The Book Of The Thousand Nights And A Night, Vol 1 Page-361

The Book Of The Thousand Nights And A Night, Vol 1

A plain and literal translation of the arabian nights entertainments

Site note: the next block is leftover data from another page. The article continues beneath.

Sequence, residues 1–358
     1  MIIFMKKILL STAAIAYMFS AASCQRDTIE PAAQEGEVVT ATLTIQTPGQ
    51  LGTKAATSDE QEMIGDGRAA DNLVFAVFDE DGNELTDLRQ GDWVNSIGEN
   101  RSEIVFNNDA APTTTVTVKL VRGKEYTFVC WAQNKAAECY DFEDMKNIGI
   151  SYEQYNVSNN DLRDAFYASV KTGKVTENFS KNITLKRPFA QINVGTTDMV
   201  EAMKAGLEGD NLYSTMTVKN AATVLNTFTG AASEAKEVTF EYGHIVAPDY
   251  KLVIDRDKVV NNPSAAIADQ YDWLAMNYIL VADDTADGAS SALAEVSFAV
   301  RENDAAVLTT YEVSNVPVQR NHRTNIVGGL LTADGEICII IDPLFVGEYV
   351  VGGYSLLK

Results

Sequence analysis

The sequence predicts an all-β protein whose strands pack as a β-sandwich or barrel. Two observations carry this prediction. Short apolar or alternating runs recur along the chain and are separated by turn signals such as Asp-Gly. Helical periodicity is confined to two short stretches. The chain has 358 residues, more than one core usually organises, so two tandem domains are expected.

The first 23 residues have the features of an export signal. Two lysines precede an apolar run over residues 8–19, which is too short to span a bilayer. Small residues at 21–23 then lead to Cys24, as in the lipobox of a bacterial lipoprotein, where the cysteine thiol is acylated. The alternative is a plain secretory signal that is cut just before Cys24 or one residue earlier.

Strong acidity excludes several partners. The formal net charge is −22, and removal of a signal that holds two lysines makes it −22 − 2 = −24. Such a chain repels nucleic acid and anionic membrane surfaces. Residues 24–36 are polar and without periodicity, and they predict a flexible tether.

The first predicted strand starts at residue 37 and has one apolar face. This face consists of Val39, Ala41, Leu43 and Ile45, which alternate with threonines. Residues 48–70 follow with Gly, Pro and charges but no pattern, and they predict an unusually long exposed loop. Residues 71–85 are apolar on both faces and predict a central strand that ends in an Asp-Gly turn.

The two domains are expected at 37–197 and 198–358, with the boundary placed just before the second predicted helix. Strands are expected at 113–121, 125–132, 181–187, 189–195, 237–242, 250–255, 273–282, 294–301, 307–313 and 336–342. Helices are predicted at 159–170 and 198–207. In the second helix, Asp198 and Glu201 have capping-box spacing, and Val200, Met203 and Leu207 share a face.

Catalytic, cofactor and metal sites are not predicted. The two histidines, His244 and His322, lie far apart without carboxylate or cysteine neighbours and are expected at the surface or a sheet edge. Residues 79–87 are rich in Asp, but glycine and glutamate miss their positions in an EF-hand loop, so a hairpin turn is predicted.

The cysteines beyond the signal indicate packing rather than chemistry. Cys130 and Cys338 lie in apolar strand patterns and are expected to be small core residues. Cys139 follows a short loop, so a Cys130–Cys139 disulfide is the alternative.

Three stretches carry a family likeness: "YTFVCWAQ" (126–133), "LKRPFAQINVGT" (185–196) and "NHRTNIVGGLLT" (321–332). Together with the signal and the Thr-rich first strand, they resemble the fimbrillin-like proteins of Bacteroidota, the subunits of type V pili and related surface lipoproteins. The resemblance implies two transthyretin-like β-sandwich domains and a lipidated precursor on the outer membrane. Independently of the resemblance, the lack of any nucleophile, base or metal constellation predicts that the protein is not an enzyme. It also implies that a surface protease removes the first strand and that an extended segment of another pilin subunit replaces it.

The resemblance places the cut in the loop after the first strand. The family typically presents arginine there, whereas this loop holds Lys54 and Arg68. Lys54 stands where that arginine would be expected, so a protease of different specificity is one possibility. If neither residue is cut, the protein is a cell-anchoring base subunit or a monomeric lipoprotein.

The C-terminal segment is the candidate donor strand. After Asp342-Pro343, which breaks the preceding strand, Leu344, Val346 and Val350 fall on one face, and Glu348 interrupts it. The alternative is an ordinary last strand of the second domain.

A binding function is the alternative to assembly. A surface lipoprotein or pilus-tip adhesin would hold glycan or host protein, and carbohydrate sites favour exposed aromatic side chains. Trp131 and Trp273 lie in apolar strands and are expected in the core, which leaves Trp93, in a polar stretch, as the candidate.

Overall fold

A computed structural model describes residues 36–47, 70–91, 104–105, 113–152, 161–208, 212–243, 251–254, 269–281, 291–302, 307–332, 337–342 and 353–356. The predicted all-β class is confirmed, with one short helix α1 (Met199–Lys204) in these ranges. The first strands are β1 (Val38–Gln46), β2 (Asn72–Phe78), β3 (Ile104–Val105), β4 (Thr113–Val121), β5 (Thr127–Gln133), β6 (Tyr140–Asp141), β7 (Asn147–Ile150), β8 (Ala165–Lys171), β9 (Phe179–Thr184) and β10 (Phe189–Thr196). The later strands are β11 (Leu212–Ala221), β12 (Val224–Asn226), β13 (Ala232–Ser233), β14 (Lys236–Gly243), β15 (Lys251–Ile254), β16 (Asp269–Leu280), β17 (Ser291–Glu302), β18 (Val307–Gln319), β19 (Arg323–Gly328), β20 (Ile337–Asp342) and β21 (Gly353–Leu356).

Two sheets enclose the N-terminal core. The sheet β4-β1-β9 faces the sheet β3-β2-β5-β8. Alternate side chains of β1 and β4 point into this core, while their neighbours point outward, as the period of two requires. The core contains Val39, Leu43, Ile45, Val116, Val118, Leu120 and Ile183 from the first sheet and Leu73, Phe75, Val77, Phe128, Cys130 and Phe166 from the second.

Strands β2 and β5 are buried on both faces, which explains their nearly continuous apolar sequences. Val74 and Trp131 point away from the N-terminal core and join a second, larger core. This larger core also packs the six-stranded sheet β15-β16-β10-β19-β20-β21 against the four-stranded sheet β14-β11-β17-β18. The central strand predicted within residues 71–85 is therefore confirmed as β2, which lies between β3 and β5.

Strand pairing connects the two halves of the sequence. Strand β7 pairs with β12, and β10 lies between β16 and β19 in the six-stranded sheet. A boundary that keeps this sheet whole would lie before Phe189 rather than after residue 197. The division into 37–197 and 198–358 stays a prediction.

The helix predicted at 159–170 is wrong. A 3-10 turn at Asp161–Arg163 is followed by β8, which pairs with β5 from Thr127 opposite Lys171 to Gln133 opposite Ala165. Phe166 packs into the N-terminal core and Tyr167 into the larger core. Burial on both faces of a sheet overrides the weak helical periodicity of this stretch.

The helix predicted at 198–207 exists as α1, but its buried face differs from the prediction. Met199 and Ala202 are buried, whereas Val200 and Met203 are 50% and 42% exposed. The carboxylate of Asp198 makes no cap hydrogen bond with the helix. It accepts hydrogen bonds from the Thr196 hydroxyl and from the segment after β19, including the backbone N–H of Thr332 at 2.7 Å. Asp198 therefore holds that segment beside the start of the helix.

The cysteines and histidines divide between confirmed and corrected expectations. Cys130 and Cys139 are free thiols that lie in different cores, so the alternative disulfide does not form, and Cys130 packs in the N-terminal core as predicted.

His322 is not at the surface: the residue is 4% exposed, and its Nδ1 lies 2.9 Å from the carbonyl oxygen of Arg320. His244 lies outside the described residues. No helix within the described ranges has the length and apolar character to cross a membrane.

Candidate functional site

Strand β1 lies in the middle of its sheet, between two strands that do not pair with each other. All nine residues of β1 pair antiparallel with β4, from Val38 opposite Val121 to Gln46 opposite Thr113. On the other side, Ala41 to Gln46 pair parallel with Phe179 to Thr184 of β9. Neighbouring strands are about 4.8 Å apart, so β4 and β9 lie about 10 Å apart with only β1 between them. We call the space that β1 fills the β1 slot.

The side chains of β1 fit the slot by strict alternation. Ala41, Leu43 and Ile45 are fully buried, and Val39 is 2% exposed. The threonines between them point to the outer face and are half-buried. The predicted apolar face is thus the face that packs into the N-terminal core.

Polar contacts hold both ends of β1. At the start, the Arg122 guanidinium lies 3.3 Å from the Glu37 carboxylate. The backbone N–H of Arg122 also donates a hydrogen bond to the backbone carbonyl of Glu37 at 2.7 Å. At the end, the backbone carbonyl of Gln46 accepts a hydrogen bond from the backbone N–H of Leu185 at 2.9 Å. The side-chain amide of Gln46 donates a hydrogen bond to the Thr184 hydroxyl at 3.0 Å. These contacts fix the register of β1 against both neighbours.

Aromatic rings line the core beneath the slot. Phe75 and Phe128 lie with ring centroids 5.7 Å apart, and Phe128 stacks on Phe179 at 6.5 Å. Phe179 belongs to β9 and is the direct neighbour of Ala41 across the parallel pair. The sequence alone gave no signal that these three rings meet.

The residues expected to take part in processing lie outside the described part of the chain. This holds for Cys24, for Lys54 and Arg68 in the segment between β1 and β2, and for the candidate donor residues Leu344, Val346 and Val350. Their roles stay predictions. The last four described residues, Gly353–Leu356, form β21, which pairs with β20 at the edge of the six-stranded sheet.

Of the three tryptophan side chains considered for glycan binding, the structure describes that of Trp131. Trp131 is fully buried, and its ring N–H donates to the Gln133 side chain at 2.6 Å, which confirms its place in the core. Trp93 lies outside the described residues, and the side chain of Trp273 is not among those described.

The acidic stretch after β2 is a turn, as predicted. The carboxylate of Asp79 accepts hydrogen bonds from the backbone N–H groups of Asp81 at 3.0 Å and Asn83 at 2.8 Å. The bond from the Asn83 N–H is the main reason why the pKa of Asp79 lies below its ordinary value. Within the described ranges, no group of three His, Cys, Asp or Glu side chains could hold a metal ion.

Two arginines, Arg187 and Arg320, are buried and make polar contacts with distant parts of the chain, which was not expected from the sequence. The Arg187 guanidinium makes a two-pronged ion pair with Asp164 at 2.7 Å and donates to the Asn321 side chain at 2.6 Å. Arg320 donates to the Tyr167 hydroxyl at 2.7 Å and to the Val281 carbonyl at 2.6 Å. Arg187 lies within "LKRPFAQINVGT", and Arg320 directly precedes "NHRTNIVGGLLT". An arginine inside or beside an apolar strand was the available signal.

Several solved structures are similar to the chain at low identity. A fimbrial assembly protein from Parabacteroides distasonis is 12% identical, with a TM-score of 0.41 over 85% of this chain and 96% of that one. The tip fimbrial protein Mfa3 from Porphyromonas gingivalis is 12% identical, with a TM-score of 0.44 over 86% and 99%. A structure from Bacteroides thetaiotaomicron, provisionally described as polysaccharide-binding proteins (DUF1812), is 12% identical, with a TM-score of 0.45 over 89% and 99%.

custom (Pilgrimage, iii., 69). [FN#185] That is “We all swim in the same boat.” [FN#186] Ja’afar ever acts, on such occasions, the part of a wise and sensible man compelled to join in a foolish frolic. He contrasts strongly with the Caliph, a headstrong despot who will not be gainsaid, whatever be the whim of the moment. But Easterns would look upon this as a proof of his “kingliness.” [FN#187] Arab. “Wa’l-Sal�m” (pronounced Was-Sal�m); meaning “and here ends the matter.” In our slang we say “All right, and the child’s name is Antony.” [FN#188] This is a favourite jingle, the play being upon “ibrat” (a needle-graver) and ” ‘ibrat” (an example, a warning). [FN#189] That is “make his bow,” as the English peasant pulls his forelock. Lane (i., 249) suggests, as an afterthought, that it means:—“Recover thy senses; in allusion to a person’s drawing his hand over his head after sleep or a fit.” But it occurs elsewhere in he sense of “cut thy stick.” [FN#190] This would be a separate building like our family tomb and probably domed, resembling that mentioned in “The King of the Black